Re: Datafile Size

thanks tim for the update.  My doubt is why there is an huge filesize
different only for sysaux datafile not for other datafiles.


 bash$ ls -lh sysaux01.dbf
-rw-rw----   1 oracle   dba         1.5G Feb 10 02:26 sysaux01.dbf
On Tue, Feb 10, 2009 at 1:43 AM, Tim Gorman <tim@xxxxxxxxx> wrote:

> Naga,
>
> My guess?  And just a guess at that...
>
> This datafile (and possibly others) were reused from a previously-created
> database, using the REUSE clause in the CREATE DATABASE command.
>
> So, some time ago, there had been another database with a "sysaux01.dbf"
> datafile in that directory.  I suspect this because database name is either
> "ORACLE" (i.e. very commonplace) or does not exist in your directory naming
> conventions (i.e. "/DATA/ORACLE").  So, when the first database to occupy
> those directories was abandoned, the datafiles were left behind.  Then, when
> a new database was created, the filename conflicts probably caused the
> CREATE DATABASE command to fail at the first try, so rather than deleting
> all of the existing ".dbf" files, the person running the command just said
> "REUSE".
>
> I believe that your database is only using the first 310M of the larger
> "sysaux01.dbf" file, as the DBA_DATA_FILES and V$SYSAUX_OCCUPANTS views are
> telling you.  But there might be a difference between the size of a file's
> contents and the amount of space occupied by a file -- please see below....
>
> =============================================
>
> Addressing your second question -- the discrepency between the "du -sh"
> command and "ls -lh" command.  From a Solaris 10 server (not sure of your
> OS)...
>
> $ ls -l x.lst
> -rw-r--r--   1 oracle   dba       583121 Dec  9 21:52 x.lst
> $ ls -lh x.lst
> -rw-r--r--   1 oracle   dba         569K Dec  9 21:52 x.lst
> $ du -sh x.lst
>  584K   x.lst
>
> If the simple "ls -l" command is to be believed, then the contents of the
> file named "x.lst" is 583,121 bytes.  The "ls -lh" command is dividing by
> 1024 (to get 569.45K) and then rounding to display "569K".  So far, so good.
>
> Apparently, the "du -sh" command is dividing by 1000 (not 1024) and then
> rounding upwards, even though the rules of neither financial rounding (i.e.
> >.5n rounds up) nor statistical rounding (i.e. >.50n, .52n, .54n, .56n, .58n
> rounds down, >.51n, .53n, .55n, .57n,.59n rounds up) would round the value
> of 583.121 up to 584 in order to display "584K".  All of this is pretty
> unlikely -- I don't think that a Solaris developer would do that, so I don't
> think this is what is happening.
>
> The alternative explanation is that the "du" command is summarizing the
> number of file-system blocks consumed by the file, and not the size of the
> contents of the file?  In this case, it probably is not rounding by 1000 but
> rather counting the number of 512-byte, 1K, or ???K blocks.  The second
> explanation is more likely when one considers a much smaller file of only
> 300 bytes...
>
> f11dd33-01:celprd5> ls -l xx.lst
> -rw-r--r--   1 oracle   dba          300 Feb  9 20:03 xx.lst
> f11dd33-01:celprd5> ls -lh xx.lst
> -rw-r--r--   1 oracle   dba          300 Feb  9 20:03 xx.lst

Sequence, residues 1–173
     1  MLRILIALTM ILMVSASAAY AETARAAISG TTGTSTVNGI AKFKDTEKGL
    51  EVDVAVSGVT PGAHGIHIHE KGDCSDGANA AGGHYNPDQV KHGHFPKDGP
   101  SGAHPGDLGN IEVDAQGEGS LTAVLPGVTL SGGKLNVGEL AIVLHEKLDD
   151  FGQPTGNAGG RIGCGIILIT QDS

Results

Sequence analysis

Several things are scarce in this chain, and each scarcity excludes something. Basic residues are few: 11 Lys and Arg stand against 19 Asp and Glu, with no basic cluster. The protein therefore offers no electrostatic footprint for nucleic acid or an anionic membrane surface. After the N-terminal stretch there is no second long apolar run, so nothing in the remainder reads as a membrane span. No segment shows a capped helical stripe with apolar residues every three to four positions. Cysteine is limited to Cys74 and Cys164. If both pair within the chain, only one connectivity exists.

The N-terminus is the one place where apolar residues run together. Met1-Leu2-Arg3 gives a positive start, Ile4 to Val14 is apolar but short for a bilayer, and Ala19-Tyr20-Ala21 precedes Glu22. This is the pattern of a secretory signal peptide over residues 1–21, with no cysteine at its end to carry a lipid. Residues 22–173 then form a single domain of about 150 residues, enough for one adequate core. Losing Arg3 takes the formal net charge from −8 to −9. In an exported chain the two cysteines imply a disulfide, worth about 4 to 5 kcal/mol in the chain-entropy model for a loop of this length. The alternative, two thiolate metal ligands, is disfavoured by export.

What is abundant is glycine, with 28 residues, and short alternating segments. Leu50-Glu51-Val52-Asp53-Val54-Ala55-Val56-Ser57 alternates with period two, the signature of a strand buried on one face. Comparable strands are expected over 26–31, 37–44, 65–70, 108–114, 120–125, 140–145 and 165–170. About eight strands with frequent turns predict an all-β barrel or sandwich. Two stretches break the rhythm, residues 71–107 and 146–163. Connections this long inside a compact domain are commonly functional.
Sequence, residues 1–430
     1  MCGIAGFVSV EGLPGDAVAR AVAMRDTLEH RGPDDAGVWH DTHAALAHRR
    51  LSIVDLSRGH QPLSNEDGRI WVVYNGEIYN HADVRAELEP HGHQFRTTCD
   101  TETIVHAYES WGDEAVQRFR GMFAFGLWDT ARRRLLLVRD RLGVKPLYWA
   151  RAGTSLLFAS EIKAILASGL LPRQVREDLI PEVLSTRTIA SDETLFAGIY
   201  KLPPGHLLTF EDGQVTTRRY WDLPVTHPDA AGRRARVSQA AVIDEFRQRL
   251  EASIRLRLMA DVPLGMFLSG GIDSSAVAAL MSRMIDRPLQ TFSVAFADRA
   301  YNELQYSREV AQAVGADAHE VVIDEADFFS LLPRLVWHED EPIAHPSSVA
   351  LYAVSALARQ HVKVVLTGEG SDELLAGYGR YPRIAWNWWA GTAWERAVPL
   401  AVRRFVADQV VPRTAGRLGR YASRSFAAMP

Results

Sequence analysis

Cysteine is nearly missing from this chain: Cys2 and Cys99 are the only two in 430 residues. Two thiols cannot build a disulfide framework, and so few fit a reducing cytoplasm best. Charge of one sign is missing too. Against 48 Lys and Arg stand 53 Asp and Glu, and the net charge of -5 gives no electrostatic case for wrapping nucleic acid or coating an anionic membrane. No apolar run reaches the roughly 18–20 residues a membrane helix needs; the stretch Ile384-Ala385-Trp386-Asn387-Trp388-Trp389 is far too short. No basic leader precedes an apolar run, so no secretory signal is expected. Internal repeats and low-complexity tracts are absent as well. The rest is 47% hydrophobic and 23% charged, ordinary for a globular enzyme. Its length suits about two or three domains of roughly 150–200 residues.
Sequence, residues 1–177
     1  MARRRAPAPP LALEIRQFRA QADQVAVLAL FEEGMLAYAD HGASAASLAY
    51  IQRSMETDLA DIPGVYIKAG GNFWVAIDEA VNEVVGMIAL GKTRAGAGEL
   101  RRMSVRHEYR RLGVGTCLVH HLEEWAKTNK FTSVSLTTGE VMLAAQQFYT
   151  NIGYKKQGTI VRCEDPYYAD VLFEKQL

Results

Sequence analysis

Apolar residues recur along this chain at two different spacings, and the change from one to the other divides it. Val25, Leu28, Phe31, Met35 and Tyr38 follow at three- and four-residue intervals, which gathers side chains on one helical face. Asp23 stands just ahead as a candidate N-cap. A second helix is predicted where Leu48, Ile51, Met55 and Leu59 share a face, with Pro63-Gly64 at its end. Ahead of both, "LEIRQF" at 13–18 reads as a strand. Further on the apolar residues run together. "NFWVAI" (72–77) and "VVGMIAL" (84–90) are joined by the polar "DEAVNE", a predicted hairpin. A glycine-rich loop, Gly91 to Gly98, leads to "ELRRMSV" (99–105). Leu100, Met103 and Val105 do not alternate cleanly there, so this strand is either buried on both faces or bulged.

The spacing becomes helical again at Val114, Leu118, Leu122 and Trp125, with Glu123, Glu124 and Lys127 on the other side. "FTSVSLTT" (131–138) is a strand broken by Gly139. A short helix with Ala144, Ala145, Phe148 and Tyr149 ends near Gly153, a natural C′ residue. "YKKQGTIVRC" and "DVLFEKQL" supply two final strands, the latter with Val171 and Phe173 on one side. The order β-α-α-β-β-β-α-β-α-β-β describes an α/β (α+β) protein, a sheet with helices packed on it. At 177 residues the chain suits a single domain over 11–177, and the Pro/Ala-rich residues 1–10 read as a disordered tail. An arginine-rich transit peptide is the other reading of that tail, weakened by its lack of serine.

> f11dd33-01:celprd5> du -sh xx.lst
>    1K   xx.lst
>
> Here, we see "ls -l" and "ls -lh" showing the size as 300 bytes, but "du
> -sh" shows it as "1K".  This indicates that the file-system blocksize is 1K,
> and that is the space consumed by this file's 300 bytes.
>
> Of course, it doesn't directly explain the discrepency between 830M and
> 1.5G as you're seeing, but maybe the different accounting methods might shed
> some insight?
>
> Hope this helps....
>
> Tim Gorman
> consultant - Evergreen Database Technologies, Inc.
> P.O. Box 630791, Highlands Ranch CO  80163-0791
> website   = http://www.EvDBT.com/ <http://www.evdbt.com/>
> email     = Tim@xxxxxxxxx
> mobile    = +1-303-885-4526
> fax       = +1-303-484-3608
> Yahoo IM  = tim_evdbt
>
>
>
> Nagaraj S wrote:
>
> Also du -sh and ls -ltrh shows different output.
>
> bash-3.00$ ls -ltrh
> -rw-rw----   1 oracle   dba         1.5G Feb  9 08:09 sysaux01.dbf
> bash-3.00$ du -sh sysaux01.dbf
>  830M   sysaux01.dbf
>
>
> SQL> select sum(space_usage_kbytes) from v$sysaux_occupants;
>                  309504
>
>
>
> On Mon, Feb 9, 2009 at 10:59 PM, Nagaraj S <nagaraj.chk@xxxxxxxxx> wrote:
>
>> Hi Gurus,
>>
>>
>>
>> Kindly clarify my doubt on datafile size. I have noticed that the datafile
>> size is different from OS level vs database. When I query to get the size of
>> SYSAUX tablespace on database it showed me 310 MB, But on OS it showed me
>> 830M.
>>
>>
>>
>> SQL> select file_name,tablespace_name,bytes/1024/1024,
>> maxbytes/1024/1024,AUTOEXTENSIBLE
>>
>>   2  from dba_data_files where tablespace_name='SYSAUX' order by
>> file_name;
>>
>>
>>
>> FILE_NAME
>>
>>
>> --------------------------------------------------------------------------------
>>
>> TABLESPACE_NAME                BYTES/1024/1024 MAXBYTES/1024/1024 AUT
>>
>> ------------------------------ --------------- ------------------ ---
>>
>> /DATA/ORACLE/datafiles/sysaux01.dbf
>>
>> SYSAUX                                     310                  0 NO
>>
>>
>>
>> bash-3.00$ pwd
>>
>> /DATA/ORACLE/datafiles/
>>
>> bash-3.00$ du -sh sysaux01.dbf
>>
>>  830M   sysaux01.dbf
>>
>> bash-3.00$
>>
>>
>> How this is possible?
>>
>> Regards,
>> Naga
>>
>
>

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